Spring Farm Life Update!
Holy wow, this sure is the busy season! Every spare chance I get, I'm out at the farm, sometimes just for a few hours, sometimes aaaaall day long, sometimes by myself, and sometimes with volunteers to ease the load.
In just the past few weeks the fields have been cleared, beds built and composted, irrigation installed, so many plants started and transplanted and moved to the greenhouse, and finally into the ground. Happily the arbitrary deadlines that I set for myself back in February are the right deadlines (the weather is 100% responsible for that!) and they're all being met 😅
This year is the first time I've used an indoor heat and light set-up for seed starting, and there's a bit of a learning curve! There have been some dramatic successes and some spectacular failures. Most of the failures have happened when I moved potted-up plants to the greenhouse on-site - not having daily access, and with much more heat in the greenhouse, means that I couldn't water as often as I should have, and I lost a fair amount of plants. Fortunately I overseeded *everything* which means I had a lot of back-ups, and where I didn't have extra, farmer friends shared their extra plant starts with me. Valuable lesson learned: make sure plants in a greenhouse can be watered every day!
There was a bit of a setback when I discovered that the free compost on-site was absolutely ridden with plastic. There was no way I would put that into my soil, especially after having done a walk-through to pick out all the plastic from previous years! I ended up ordering 15 yards of soil from Kutny's Richmond Soils (a $600 expense I hadn't planned for) and am I ever glad I did! I got the most lovely 100% mushroom compost from them, and the delivery was quick and painless. Props to the delivery driver who dropped it in exactly the area I had flagged for it!
We've got so many plants in the ground now. June 1 was my deadline for getting things into the ground, and I'm pleased to say that since May 28 it's been go time! Evenings and weekends are spent transplanting and direct sowing, and I'd say that well more than half of the plot is planted. As far as transplants go, so far we've got three kinds of tomatoes (Giant Crimson, Blush and Clear Pink), cantaloupes, zucchinis, cucumbers pumpkins, peppers, eggplants, ground cherries, echinacea, sunflowers, tobacco, dianthus, marigolds, cosmos, marshmallow, and a couple of flower blends I'm testing out. We've also seeded four kinds of dry beans (Borlotti, Fiesta, Black Coco and Mbombo), peas, cosmos, nasturtiums and a variety of beets. All of the flowers are being grown for seeds, and the veggies are about an even split between being grown for seed and/or donation to community fridges around Vancouver.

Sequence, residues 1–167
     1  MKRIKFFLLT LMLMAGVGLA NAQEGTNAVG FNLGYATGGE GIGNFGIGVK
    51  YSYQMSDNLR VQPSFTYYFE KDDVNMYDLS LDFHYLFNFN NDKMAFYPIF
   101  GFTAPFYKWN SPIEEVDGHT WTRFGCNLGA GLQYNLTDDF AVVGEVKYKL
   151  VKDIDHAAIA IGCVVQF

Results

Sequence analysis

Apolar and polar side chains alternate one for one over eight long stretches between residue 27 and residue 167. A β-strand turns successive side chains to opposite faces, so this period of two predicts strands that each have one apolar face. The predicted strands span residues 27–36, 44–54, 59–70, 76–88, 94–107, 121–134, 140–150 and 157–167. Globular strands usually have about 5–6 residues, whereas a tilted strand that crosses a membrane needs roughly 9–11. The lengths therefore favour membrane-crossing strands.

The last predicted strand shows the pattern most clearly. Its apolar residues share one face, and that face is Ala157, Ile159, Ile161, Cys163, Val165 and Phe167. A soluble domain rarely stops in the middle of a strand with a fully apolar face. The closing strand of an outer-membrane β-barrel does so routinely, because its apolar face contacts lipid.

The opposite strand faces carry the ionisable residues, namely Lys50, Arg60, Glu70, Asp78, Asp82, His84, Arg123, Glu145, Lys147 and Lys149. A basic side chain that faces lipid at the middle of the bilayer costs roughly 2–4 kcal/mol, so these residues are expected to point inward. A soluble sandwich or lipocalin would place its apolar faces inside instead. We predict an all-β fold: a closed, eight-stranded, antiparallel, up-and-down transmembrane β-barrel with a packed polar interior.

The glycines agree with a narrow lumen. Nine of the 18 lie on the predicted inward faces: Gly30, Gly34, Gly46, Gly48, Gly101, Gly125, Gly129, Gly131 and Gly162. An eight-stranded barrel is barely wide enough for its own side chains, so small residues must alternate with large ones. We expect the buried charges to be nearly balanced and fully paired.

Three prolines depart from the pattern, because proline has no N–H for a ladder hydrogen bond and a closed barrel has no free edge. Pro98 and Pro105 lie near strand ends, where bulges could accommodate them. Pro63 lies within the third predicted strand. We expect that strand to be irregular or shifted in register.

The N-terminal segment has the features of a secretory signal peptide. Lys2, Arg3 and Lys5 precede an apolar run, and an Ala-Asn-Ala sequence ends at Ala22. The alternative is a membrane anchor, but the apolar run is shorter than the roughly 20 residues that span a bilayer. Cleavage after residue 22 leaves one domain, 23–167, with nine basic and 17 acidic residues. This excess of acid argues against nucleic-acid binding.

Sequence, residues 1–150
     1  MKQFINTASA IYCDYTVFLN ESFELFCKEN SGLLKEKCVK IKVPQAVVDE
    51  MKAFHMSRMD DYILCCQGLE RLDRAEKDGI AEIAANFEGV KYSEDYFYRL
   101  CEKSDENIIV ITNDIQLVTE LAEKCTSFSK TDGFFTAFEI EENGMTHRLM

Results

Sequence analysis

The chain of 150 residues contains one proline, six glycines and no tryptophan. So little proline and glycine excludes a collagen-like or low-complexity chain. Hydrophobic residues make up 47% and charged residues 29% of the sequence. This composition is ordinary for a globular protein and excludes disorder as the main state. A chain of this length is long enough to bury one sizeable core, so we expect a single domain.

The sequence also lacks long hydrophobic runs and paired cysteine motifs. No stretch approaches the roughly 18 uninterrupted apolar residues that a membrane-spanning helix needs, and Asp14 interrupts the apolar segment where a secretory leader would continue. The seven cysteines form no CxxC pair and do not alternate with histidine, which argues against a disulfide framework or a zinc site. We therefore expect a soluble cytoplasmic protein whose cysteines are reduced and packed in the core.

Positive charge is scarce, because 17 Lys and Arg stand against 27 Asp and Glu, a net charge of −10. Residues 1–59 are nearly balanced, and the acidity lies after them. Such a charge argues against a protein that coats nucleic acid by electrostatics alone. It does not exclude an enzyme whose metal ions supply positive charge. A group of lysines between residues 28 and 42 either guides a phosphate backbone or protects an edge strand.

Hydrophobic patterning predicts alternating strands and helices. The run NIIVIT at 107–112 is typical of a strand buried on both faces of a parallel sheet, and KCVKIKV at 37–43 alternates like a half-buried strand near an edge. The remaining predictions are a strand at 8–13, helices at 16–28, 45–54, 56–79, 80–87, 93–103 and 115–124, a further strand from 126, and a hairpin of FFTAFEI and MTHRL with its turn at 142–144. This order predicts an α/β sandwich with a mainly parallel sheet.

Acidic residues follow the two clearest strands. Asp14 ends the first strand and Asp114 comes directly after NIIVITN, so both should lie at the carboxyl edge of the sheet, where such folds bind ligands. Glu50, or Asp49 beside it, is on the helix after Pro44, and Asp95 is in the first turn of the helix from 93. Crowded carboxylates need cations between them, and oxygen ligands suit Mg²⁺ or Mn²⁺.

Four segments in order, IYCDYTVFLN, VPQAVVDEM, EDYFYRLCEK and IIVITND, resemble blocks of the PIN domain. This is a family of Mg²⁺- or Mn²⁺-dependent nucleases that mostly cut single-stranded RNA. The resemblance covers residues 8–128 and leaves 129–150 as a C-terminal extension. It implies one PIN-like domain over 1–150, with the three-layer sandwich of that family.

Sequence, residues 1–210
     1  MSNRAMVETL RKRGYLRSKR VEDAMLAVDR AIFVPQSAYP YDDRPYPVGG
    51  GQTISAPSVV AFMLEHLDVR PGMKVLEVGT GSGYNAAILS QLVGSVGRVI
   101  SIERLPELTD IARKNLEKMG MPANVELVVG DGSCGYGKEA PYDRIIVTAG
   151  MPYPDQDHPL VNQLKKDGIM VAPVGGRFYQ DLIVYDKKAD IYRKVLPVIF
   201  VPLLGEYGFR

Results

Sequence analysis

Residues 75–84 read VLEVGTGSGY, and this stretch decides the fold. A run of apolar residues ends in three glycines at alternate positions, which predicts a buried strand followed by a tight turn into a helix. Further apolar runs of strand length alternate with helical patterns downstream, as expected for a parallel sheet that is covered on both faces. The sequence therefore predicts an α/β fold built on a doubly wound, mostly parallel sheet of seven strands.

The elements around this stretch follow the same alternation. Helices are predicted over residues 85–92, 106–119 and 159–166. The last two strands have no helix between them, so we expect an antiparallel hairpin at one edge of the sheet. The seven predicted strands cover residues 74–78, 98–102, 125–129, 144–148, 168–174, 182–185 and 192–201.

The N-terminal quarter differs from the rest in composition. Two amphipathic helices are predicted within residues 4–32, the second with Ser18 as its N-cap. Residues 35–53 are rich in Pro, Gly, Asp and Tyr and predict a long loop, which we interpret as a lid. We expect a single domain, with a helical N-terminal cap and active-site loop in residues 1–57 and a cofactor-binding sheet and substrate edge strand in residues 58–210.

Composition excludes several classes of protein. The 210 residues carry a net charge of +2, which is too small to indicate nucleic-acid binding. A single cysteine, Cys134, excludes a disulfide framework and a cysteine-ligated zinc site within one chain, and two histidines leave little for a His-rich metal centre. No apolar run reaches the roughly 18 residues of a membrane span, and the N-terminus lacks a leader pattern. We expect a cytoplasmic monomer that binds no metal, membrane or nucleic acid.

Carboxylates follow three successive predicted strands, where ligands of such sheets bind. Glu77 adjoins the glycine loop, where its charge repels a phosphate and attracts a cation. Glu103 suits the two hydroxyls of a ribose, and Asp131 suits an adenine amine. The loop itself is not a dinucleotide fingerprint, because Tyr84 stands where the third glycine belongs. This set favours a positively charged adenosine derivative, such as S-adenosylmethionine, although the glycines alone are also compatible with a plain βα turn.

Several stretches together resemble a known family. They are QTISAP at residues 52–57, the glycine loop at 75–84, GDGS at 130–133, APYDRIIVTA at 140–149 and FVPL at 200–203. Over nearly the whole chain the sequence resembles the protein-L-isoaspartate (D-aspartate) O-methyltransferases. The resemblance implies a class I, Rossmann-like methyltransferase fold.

Next up: getting the rest of the transplants and seeds into the ground, adding more irrigation, installing T-posts and trellising for the tomatoes, beans and peas, and making sure I don't kill off the next round of starts in the greenhouse! Oh, and weeding, lots and lots of weeding!
None of this could've happened without the help of volunteers! Jolayne, Troy and Delilah have been lifesavers, they're keen on learning and are a lot of fun to have around! If volunteering on our farm sounds like something you'd be interested in doing, shoot me a message and I'll add you to our volunteer mailing list. I can't pay, but I do offer rides to and from Vancouver, I provide food and drinks, and when crops are ready to harvest, you won't go home empty-handed!